When my grandfather passed away, my grandmother questioned how she would get around.

My grandparents were immigrants from Lima, Peru and moved to the United States in the 40s.

My grandfather told her she would never need to get a driver’s license in the United States because he would always drive her.

After many years of being driven around town, my grandmother said she started to think about driving herself. She longed for the freedom to drive to the market on her own or to take her kids where they needed to go.

As my parents and uncles discussed who would drive grandma around, now that Pepe was gone, I took my grandmother in the car and drove her to the big parking lot at the abandoned Hanoians supermarket.

I asked her if she still wanted to learn to drive. She was 78 years old.

She smiled at me.

We switched seats and I passed her the keys. She enjoyed cruising slowly around the parking lot.

While everyone else was worried about who would take care of her — she knew. She could take care of herself if she had the support.

Ultimately, my grandmother made the choice not to get her driver’s license.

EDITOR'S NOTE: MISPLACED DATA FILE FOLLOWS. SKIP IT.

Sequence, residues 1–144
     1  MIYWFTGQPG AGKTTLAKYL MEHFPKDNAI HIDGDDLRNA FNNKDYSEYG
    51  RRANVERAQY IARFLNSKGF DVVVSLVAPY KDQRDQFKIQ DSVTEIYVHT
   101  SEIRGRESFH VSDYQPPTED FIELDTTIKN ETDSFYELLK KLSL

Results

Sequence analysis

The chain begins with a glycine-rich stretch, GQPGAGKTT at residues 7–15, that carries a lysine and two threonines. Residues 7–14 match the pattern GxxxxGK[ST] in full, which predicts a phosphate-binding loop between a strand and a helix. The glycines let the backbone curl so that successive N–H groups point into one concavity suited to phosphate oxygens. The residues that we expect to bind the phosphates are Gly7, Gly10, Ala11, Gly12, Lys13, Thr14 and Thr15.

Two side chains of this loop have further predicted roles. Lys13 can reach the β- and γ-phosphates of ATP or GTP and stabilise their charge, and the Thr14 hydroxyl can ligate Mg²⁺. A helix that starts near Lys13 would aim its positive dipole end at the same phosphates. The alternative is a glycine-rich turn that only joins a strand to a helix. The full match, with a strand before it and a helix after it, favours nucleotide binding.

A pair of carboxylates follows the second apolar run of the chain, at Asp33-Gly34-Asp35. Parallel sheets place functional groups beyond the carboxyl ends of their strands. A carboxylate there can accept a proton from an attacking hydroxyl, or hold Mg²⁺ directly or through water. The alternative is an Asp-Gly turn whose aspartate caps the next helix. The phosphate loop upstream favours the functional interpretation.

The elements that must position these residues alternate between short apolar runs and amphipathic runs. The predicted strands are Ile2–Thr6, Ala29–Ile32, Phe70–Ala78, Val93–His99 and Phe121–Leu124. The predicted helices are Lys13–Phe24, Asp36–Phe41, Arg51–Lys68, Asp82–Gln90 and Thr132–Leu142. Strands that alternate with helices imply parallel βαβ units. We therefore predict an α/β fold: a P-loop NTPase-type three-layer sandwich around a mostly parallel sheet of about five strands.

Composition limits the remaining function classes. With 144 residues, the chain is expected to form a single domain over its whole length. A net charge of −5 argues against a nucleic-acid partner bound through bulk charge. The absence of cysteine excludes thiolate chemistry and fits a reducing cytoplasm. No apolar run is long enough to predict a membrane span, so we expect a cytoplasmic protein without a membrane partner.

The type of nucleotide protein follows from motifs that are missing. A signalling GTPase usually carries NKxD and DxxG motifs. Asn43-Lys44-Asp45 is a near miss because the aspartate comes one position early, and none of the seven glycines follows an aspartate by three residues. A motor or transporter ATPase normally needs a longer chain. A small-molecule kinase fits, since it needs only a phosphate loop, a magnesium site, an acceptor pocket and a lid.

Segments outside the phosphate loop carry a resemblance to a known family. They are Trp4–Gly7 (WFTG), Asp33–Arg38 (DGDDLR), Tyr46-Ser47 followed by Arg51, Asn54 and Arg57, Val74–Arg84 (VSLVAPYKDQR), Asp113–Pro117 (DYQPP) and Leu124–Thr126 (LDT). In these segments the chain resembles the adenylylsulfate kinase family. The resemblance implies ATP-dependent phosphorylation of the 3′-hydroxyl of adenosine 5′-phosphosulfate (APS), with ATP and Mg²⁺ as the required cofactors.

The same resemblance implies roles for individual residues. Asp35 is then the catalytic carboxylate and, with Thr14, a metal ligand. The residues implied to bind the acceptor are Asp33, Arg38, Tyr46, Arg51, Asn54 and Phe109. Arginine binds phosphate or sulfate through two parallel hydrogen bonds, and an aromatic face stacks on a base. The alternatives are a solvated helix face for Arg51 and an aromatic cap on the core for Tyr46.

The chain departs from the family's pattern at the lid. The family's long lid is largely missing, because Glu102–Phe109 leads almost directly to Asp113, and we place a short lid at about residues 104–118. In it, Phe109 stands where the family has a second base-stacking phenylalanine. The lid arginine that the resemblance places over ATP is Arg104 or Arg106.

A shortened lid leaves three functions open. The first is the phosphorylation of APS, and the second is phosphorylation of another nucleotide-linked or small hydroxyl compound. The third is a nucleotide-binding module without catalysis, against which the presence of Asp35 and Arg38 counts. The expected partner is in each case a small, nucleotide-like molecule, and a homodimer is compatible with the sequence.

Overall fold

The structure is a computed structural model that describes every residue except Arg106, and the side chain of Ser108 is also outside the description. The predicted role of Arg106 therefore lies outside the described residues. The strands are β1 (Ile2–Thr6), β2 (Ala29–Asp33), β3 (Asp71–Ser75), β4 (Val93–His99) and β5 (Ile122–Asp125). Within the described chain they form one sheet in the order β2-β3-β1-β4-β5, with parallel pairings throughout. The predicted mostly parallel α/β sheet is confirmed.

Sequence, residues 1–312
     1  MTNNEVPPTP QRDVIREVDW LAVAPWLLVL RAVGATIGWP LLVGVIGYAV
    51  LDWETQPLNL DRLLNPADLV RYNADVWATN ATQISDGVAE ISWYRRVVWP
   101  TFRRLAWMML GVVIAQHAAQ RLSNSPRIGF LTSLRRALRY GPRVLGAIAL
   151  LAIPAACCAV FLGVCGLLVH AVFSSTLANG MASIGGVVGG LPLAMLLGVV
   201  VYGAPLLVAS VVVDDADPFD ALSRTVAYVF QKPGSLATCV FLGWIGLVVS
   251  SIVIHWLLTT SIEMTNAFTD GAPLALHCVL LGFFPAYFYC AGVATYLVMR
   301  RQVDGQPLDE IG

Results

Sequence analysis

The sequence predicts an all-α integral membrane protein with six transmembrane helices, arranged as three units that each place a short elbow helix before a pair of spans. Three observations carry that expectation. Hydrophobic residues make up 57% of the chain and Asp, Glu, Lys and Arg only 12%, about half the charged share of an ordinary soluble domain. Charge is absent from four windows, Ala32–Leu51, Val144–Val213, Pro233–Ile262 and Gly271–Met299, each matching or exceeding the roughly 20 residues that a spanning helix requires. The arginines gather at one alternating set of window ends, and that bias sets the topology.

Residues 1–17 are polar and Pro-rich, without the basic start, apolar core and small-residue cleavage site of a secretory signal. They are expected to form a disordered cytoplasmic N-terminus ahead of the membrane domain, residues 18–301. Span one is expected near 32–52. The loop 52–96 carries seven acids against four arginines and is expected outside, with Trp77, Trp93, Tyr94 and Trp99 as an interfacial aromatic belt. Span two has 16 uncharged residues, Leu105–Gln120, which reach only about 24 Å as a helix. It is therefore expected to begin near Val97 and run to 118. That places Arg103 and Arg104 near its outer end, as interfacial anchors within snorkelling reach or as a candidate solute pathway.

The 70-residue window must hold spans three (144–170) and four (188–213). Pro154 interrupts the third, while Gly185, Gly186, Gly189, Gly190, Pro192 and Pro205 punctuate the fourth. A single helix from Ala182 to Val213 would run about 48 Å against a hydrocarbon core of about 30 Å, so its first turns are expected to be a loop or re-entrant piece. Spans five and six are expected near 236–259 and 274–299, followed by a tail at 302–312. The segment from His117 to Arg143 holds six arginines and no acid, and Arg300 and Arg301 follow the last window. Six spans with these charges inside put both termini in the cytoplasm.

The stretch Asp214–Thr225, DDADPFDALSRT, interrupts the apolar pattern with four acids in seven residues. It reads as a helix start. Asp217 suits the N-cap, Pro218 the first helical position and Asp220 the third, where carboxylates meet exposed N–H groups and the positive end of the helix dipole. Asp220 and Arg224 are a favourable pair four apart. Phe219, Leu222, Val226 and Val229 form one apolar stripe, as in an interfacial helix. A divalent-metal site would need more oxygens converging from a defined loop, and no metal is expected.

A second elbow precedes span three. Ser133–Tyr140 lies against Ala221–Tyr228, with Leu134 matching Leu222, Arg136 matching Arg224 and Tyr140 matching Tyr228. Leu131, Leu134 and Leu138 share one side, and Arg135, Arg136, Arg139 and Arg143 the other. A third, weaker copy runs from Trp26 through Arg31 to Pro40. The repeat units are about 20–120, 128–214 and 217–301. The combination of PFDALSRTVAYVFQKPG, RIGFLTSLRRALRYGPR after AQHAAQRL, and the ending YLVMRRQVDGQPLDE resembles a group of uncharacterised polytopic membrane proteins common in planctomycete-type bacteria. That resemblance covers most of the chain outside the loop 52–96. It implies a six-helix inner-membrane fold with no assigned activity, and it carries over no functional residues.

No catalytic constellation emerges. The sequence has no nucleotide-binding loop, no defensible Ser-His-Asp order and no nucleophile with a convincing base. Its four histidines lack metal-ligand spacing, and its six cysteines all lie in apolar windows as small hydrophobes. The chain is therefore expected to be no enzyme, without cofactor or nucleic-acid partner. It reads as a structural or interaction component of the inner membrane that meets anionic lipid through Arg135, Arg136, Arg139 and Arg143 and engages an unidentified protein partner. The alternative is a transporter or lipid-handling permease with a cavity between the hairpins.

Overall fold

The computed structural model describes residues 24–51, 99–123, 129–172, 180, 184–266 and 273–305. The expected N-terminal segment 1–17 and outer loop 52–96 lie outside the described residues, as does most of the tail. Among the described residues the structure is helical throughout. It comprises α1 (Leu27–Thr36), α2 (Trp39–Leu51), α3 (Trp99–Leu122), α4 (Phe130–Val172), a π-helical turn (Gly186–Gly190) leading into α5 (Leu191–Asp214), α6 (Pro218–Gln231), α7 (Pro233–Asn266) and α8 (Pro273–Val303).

But this time, she was able to decide for herself.

It’s A Commerical — But It Means More

Most of us have had that one person who helped us learn how to drive. They believed in us, despite the possibility that we might just crash their car.

In this new Coca-Cola ad, that theme plays out while celebrating women in Saudi Arabia who will soon be allowed to drive in that country.

Until now, the country’s laws have forbidden them from being behind the wheel.

I know. I know it’s just a commercial and it’s for Coca-Cola.

However, doesn’t it remind you of that experience you shared with the person who sat in the passenger’s seat?

Saudi women will now have those memories, too.

And, they will get to make their own choice about driving; just like my grandma.


(Roe Borunda is an associate producer for GV Wire. You can contact her via Twitter, @roetography, and on Facebook)




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